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The New Rules for Safer Summer Cookouts

CDC issues health guidelines for hosting backyard barbecues during the pandemic

A family having a cookout

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En español | Hosting a safe cookout used to mean keeping the potato salad cold, the grill flames low and the mosquitoes away. But these days there's a whole new list of concerns to consider — chief among them, should you be having a cookout in the first place?

Throughout the coronavirus pandemic, the advice from public health experts has been to stay home as much as possible and to avoid groups of people. On June 12, however, the Centers for Disease Control and Prevention (CDC) released a new set of guidelines to help people who are eager to break out of quarantine do so in a way that minimizes their risk for catching and spreading the virus.

"The pandemic is not over, and it's important to recognize that,” Jay Butler, the CDC's deputy director for infectious diseases, said in a media briefing. That said, “we recognize that we are all getting tired of staying at home … and as we head into the summer months we know that Americans will be looking forward to reconnecting with family and friends and be able to attend events, and we want that to occur as safely as possible.”


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The new guidelines have prevention strategies for several routine activities, such as running to the bank, working out at the gym and traveling overnight.

Hosting friends and family for a meal is also on the list. Here's how to do that as safely as possible during the pandemic.

On the menu: A single server with a side of hand sanitizer

Before you venture out or invite others over, it's important to assess your risk. Consider whether COVID-19 is spreading in your community or whether you or someone you live with is more likely to get severely ill from a coronavirus infection.

If you decide to move ahead with plans, the CDC recommends implementing a few preventive measures to reduce the odds that your backyard barbecue will turn into a hot zone. At the top of the list: Remind anyone who hasn't been feeling well or who has come in contact with someone who has COVID-19 to stay home and away from others.

"Even if your belly is a little off but you think it's OK, don't come,” advises Gonzalo Bearman, M.D., chief of infectious diseases at VCU Medical Center and director of the hospital's health care infection prevention program. “That should be strongly encouraged.”

Second, try to keep guests outside as much as possible. Inside, “you have a greater concentration of virus in the air and a greater chance of infection,” Bearman says. Outdoors, the virus can disperse more easily, which “decreases infectivity.” It's also easier to maintain a distance of at least 6 feet from other people when you're outside — and that's another tip on the CDC's guide to a safer summer cookout. Also, wear a face mask if you are medically clear to do so, and wash your hands often, especially before and after eating.

Consider adding BYOB to your party invite; guests may want to bring their own plates, utensils and cups, too. The CDC says it's best to minimize shared items, and if you have a few out (think bottles of barbecue sauce or salad dressing), identify one person to serve them.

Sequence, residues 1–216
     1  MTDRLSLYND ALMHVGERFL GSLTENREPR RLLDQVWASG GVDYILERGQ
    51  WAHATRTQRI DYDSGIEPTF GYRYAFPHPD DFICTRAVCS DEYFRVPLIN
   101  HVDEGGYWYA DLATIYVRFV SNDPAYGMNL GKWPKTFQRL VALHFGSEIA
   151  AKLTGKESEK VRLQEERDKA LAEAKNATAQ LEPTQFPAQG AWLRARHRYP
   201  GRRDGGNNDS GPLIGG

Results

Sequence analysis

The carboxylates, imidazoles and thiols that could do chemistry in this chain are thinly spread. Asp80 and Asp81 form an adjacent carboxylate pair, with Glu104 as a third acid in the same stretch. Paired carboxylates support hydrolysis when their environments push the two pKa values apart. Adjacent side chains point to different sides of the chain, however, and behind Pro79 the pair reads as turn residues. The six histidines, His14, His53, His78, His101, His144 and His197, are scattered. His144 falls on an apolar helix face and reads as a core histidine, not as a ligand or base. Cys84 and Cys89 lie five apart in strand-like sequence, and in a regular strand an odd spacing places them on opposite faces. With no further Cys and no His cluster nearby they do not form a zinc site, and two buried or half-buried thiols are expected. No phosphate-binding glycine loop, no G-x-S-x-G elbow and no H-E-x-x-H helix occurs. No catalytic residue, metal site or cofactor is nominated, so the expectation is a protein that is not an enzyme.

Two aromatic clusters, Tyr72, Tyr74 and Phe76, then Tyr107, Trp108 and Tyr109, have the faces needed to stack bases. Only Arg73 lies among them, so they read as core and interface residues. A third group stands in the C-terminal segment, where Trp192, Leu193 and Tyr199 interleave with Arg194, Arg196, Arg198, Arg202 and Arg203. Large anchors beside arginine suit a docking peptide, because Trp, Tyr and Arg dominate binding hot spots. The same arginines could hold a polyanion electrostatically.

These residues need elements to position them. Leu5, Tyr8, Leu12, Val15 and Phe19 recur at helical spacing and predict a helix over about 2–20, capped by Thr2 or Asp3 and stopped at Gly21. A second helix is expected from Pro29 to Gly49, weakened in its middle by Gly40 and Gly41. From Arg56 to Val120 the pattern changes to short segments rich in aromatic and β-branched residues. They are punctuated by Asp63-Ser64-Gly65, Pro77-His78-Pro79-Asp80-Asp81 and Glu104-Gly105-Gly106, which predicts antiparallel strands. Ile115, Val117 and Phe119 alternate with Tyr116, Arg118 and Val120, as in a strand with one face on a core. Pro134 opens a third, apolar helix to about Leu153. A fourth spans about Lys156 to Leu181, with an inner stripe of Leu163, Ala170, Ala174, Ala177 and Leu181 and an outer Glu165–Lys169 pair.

"What we understand about viral-transmission dynamics is that about 70 or 80 percent of it is from the droplets that we inhale, but then there's still 20 to 30 percent that comes from contact with inanimate environment — we touch that with our hands or a mouth or mucous membranes, and that's how we get secondarily infected,” Bearman explains.


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More safety tips for cookouts

Here are a few more suggestions from the CDC for hosting or attending summer soirees.

  • Don't hug and shake hands when your guests arrive; instead, wave and verbally greet them.
  • Provide a few extra face coverings for guests who don't have one or who forget to bring their own.
  • Set out hand sanitizer (make sure it's at least 60 percent alcohol), and provide clearly marked handwashing areas.
  • Provide cleaning supplies that allow guests to wipe down surfaces before they leave.
  • Arrange tables and chairs to allow for social distancing. Not everyone needs to be 6 feet apart — people from the same household can be closer.
  • Make sure you clean reusable shared items before and after the event.
  • Limit people going in and out of areas where food is being prepared, such as near the grill and in the kitchen.
  • Planning activities or lawn games? Keep social distancing in mind. Consider cornhole, sidewalk chalk or frisbee.
  • Replace shared hand towels in the bathroom and kitchen with single-use towels.
  • Keep a list of guests who attended for potential future contract tracing needs.

The general rule of thumb, the CDC's Butler says, is that “the more closely you interact with others, the longer the interaction lasts, and the greater the number of people involved in the interaction, the higher the risk of COVID-19 spread.”

With proper distancing, good hand hygiene and face coverings, “you can certainly risk-mitigate” to make a cookout or dinner with friends “safer than it would be otherwise,” Bearman says. Of course, the safest option is to avoid social interactions. “But then again, we're also social beings and aren't meant to be alone all the time after periods of isolation.”

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